Legalization was supposed to open up opportunities for Canadian farmers, but barriers to entry and billions of dollars in foreign investment have cut them out of the big picture.
The importance of Canadian agriculture should not be overlooked as it generates more than $110 billion in GDP annually. With only 7.3 per cent of land in Canada used for agriculture, factors such as soil quality, climate and terrain play a huge part in why most farming communities stay within the same area for generations; site selection is crucial too.
How does that affect the cannabis industry?
An enthusiast can tell good beer from bad, or great wine from the not-so. When it comes to cannabis, connoisseurs have a refined palate for complex flavours, aromas and effects of cannabis.
It was only two years after the legalization of recreational cannabis in Canada that consumers spent more on legal products for the first time, according to numbers from Statistics Canada. Quality, price and accessibility are key factors influencing these purchasing decisions.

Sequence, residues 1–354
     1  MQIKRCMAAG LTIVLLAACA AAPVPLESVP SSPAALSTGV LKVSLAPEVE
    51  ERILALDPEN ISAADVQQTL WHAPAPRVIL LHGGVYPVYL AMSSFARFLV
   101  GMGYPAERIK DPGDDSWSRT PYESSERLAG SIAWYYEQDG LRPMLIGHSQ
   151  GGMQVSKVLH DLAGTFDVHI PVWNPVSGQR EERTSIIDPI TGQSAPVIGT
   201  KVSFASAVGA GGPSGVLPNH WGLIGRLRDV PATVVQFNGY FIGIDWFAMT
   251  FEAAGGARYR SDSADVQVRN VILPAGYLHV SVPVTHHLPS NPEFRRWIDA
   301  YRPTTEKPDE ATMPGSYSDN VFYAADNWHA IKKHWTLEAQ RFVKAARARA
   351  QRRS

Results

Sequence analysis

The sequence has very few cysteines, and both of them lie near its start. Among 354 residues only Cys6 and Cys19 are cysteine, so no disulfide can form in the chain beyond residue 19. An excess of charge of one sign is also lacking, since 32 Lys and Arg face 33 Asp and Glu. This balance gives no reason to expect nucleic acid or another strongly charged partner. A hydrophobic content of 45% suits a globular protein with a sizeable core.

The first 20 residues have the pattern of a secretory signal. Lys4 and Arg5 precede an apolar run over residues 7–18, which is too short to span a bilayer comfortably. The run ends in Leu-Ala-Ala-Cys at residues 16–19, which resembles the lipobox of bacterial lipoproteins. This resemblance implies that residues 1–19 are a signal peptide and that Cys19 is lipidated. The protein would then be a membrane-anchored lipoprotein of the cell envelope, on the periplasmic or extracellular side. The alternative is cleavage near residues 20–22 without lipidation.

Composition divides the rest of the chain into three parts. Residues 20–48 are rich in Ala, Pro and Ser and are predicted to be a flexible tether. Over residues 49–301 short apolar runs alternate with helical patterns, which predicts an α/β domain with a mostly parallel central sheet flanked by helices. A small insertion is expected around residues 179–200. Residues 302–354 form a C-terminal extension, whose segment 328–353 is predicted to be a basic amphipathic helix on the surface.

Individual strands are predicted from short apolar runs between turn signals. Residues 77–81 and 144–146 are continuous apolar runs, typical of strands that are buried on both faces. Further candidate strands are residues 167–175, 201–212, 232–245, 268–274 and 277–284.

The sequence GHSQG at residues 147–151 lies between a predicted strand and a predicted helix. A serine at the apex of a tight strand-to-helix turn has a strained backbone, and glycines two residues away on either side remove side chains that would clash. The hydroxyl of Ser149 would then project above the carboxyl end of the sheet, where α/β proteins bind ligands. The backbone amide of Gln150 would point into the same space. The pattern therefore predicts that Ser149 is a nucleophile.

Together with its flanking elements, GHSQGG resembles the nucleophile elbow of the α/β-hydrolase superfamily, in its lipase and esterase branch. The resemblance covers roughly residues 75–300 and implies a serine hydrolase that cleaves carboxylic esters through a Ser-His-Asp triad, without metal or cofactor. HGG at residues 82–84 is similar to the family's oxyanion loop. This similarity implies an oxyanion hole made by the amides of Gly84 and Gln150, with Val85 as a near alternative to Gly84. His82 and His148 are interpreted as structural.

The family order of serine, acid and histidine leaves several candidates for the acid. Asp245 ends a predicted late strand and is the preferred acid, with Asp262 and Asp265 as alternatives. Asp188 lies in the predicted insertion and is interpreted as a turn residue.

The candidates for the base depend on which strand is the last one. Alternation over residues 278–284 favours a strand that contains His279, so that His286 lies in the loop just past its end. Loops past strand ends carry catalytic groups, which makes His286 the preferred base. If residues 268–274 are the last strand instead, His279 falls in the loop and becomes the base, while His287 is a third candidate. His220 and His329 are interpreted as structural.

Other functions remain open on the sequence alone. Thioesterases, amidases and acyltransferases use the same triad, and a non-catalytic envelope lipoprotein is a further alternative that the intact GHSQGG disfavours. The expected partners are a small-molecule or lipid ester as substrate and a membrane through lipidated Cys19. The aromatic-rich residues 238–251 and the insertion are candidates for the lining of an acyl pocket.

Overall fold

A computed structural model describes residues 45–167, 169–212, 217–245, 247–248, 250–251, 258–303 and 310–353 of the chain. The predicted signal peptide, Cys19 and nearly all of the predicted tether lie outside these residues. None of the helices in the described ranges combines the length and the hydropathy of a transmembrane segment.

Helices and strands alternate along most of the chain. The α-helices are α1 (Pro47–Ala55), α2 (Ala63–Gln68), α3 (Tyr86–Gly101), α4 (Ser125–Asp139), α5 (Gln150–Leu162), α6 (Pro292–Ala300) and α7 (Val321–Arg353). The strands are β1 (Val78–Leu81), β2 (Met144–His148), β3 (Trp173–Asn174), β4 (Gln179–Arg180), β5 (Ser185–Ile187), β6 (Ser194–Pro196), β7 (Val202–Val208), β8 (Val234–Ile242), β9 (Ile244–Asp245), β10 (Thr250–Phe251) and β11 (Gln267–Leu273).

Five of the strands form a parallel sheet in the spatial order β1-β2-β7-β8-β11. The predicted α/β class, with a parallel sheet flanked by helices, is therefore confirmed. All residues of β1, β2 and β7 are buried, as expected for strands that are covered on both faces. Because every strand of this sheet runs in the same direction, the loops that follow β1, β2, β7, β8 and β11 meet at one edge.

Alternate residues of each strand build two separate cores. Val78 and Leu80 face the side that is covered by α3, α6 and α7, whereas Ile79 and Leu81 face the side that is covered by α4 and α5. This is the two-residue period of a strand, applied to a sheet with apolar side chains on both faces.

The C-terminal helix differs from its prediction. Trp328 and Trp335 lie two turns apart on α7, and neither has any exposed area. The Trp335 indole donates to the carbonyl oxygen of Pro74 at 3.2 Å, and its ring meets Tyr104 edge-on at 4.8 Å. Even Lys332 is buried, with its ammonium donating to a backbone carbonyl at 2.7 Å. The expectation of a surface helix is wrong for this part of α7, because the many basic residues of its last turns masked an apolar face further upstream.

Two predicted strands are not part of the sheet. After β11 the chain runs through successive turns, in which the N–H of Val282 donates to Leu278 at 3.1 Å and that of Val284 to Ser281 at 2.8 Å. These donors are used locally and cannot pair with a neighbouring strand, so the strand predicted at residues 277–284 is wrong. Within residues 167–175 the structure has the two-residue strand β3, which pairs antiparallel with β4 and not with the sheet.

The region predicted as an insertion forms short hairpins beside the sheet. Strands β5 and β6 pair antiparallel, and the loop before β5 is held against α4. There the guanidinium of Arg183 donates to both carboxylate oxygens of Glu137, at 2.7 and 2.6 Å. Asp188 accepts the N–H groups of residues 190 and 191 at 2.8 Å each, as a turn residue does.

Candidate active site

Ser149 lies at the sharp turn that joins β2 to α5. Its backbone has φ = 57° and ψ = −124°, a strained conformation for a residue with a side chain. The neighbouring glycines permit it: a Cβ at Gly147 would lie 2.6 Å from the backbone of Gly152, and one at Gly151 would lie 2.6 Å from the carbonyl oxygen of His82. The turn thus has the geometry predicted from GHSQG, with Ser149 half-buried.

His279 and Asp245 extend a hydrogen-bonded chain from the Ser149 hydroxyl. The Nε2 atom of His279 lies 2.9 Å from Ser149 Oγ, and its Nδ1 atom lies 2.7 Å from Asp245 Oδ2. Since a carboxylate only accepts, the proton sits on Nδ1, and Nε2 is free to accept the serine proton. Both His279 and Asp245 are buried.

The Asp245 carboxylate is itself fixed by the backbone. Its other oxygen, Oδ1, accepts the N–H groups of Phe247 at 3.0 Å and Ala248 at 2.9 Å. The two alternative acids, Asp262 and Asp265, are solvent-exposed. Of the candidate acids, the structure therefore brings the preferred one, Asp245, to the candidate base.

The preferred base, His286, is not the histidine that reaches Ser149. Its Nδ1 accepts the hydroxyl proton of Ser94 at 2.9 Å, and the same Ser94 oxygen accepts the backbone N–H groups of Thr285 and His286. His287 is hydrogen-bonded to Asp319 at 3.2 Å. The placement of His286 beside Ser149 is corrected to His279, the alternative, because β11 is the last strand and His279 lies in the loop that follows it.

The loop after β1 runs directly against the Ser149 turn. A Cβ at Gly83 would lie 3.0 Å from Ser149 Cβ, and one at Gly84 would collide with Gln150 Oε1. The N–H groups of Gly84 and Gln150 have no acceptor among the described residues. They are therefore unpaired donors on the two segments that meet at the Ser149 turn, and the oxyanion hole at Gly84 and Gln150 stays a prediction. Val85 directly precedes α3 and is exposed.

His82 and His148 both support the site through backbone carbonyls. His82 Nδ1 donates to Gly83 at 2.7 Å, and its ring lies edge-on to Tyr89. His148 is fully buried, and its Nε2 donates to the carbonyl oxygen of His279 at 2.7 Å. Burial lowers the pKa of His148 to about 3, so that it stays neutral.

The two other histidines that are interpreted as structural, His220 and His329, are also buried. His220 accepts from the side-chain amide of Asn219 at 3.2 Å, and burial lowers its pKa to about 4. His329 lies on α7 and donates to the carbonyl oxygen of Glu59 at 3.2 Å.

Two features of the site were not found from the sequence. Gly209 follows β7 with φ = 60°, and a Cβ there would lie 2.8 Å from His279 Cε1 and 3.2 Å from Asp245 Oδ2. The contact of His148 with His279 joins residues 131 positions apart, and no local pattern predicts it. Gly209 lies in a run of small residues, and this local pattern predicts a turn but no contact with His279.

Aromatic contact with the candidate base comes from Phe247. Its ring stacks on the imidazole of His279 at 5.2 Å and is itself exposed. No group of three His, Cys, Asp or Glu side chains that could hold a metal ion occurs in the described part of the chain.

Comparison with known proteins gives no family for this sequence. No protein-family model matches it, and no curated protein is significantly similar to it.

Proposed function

No amount of state-of-the-art technology, automation or costly renovations of a warehouse facility can replace careful site selection and the keen eye of a seasoned grower.
Naturally fertile and well-drained soil, a gentle breeze, and the pure rays of sunlight in an optimal location are non-negotiable when growing any plant, whether it’s a juicy, crisp cherry, or healthy, flavourful cannabis.
We must focus on the basic farming principles, along with how this affects those who consume it. With 65.4 per cent of Canadians favouring to smoke cannabis as their preferred consumption method, the quality of the grow is imperative.
To deliver the punch of fragrance people expect upon opening a fresh jar of cannabis, followed by a smooth inhale and aromatic exhale, every step of the process has to be right. This starts from knowing good genetics, how to grow those specific genetics, harvesting it with little damage, drying to optimal moisture content and curing to preserve the unique flavours.